Leighton Profits Fall 20 percent, but Dividends Rise as Group Retains Confidence
Leighton shares fell 2.4 percent today as the company revealed a 20 percent fall in first half profits.
The construction giant reported net profits of A$291 million for the six months to June 30, down from $366 million last year. Shares fell $0.55, to $22.10.
The profit result was affected by $28 million in property write-downs and restructuring costs, while 2013’s were skewed by the one-off $107 million gain from the sale of the Leighton’s Telco assets. The write-downs offset a five percent increase in revenue to $11.05 billion for the six months.
Fortunes were mixed for group divisions. Thiess performed well, raising profits to $357m, however Leighton Asia lost $12 million, and John Holland- said to be the subject of an imminent A$1.5bn bid from Ferrovial- saw its earnings nearly half to $34m.
New CEO Marcelino Fernandez Verdes, who also heads up Hochtief, said he was pleased with the performance, pointing out that underlying profit and net margins had risen and the group had been able to maintain its market share, securing $7.8 billion of new contracts, extensions and variations. It also has preferred bidder position on $5 billion in contracts, compared to $3 billion in June 2013.
Leighton’s underlying profit, (excluding one-off items), was $319m, up $64m from $255m a year ago, and the company reaffirmed its guidance for an underlying profit of between $540 million and $620 million for this year.
A five percent increase in construction revenue to AU$7.7bn offset an 11 percent decline in mining to $2.1bn. Mining’s slowdown has hit the company considerably, with Australian mining firms delaying projects and cutting jobs.
Leighton made clear its commitment to pay out interim dividend to shareholders of 57 cents per share, (25 percent franked), up 12c.
Fernandez Verdes said the group was benefiting from increased government spending in Australia on infrastructure.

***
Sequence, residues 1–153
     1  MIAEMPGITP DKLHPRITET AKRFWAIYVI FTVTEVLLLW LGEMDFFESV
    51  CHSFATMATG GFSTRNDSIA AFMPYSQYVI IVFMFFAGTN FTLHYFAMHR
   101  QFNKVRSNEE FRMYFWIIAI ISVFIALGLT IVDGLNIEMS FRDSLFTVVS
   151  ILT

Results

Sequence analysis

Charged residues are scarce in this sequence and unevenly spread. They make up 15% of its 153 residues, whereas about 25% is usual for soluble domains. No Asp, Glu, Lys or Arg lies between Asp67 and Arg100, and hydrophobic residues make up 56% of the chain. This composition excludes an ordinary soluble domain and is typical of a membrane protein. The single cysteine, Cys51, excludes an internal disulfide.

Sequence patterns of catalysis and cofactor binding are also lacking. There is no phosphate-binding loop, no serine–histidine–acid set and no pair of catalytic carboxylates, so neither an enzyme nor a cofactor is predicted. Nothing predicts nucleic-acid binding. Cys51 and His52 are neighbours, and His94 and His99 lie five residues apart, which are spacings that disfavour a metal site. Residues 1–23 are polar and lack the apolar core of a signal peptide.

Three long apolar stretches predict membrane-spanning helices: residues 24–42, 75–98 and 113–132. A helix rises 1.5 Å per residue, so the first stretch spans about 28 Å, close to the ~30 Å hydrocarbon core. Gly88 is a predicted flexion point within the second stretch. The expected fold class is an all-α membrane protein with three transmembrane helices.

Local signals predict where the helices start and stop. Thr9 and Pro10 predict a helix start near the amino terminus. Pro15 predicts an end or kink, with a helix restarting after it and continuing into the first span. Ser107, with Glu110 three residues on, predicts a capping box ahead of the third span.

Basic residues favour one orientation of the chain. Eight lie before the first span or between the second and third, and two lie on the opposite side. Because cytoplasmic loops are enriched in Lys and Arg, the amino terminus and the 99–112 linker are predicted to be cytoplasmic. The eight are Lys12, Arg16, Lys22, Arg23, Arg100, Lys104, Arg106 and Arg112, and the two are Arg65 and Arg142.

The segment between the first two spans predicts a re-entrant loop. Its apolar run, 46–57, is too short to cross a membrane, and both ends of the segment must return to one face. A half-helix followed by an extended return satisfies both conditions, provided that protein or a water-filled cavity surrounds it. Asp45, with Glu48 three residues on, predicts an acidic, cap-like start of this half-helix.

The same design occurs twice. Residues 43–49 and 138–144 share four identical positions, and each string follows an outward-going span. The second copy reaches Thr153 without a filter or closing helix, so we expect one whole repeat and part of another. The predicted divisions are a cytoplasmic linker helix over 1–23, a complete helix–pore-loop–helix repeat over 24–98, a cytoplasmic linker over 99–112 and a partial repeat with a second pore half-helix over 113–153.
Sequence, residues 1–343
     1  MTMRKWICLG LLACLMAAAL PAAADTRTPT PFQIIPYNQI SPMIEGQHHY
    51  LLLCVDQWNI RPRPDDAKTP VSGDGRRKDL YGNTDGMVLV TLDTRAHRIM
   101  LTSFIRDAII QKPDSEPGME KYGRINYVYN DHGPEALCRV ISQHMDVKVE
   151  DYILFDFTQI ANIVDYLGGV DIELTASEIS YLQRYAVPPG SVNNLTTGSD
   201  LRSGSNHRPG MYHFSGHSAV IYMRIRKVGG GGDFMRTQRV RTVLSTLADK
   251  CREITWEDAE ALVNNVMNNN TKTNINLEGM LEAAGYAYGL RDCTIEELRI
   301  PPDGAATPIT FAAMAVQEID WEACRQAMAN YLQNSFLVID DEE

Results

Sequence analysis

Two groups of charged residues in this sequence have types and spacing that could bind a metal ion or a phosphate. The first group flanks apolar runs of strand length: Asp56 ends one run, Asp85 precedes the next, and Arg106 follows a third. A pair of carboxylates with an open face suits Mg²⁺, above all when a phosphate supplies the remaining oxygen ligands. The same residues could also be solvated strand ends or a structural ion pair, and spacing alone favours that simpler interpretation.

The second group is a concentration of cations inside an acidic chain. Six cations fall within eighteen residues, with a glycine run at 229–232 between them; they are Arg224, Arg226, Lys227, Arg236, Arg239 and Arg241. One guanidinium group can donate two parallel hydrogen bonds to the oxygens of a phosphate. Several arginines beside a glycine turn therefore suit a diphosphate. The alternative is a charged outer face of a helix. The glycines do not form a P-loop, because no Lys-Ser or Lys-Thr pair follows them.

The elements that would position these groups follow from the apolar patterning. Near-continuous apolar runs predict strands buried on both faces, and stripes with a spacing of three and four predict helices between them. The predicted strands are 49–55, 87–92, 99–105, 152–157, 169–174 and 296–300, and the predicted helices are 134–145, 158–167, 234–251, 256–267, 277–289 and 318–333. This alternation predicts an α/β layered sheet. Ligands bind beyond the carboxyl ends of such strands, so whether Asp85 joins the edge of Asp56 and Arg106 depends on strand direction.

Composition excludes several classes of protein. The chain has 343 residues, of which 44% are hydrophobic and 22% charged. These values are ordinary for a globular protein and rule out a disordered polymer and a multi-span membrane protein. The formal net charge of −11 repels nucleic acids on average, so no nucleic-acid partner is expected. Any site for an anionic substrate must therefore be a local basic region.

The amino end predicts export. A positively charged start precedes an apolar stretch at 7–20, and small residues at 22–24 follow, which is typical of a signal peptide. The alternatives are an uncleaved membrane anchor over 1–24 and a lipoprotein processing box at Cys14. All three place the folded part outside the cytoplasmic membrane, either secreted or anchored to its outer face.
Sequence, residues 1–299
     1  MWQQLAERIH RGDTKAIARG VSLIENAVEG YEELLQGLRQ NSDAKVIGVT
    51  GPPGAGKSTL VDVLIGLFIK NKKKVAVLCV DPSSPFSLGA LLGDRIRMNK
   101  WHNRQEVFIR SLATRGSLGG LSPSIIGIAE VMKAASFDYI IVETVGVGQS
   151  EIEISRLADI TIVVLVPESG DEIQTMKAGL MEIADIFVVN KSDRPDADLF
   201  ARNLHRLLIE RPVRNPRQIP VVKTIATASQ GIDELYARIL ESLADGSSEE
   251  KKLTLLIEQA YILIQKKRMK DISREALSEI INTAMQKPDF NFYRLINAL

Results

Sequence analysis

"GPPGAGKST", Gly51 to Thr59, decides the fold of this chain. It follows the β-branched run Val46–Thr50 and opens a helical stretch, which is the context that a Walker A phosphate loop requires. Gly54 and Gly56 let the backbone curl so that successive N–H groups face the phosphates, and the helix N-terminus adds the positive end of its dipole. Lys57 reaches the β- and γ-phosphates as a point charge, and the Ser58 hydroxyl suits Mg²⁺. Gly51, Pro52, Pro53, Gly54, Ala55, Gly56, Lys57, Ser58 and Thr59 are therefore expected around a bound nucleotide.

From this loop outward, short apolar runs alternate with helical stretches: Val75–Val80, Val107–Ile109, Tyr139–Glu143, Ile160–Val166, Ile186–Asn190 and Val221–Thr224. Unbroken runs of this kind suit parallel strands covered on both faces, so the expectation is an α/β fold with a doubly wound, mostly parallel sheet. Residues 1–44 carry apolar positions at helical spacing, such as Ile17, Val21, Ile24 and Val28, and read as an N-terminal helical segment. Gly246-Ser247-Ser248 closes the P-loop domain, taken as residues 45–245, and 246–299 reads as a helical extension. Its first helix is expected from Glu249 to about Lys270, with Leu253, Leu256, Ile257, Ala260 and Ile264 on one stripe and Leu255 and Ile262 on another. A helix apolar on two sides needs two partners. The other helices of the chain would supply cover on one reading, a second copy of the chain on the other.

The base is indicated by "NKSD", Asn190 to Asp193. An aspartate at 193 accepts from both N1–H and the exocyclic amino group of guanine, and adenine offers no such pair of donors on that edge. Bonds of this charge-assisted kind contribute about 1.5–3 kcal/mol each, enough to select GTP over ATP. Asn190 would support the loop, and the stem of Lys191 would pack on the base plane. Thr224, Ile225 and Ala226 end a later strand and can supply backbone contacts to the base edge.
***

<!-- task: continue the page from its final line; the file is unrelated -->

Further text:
“We are already seeing the positive impact of the Federal Government’s infrastructure initiatives, with our 12-month tender pipeline approximately 33 percent higher than the equivalent pipeline at the time of the FY13 result, and, looking further ahead, we have under preparation the largest pipeline of $1 billion-plus tenders in Leighton’s history,” he said.
“Some $125 billion in new infrastructure project spending is expected by the end of the decade in Australia, including Federal Government commitments and the private and State investment that is expected to follow. Similarly, in our markets in Asia and the Middle East, governments continue spending on infrastructure. This expenditure will be underpinned by the emergence of new, more attractive PPP models, in which we will seek to take on roles as an equity participant, contractor and asset manager.”
Of the Group’s strategy for the remainder of 2014, the CEO said: “We have made progress on our Strategic Review including the appointment of Managing Directors and the identification of executive teams, transition planning for the new organisational structures as well as for operational and legal matters, and the continued focus on the collection of receivables.
“Reducing working capital remains a focus. We are improving the approach to working capital management on new projects and seeking to strengthen the balance sheet through the options we are considering as part of the Strategic Review.”
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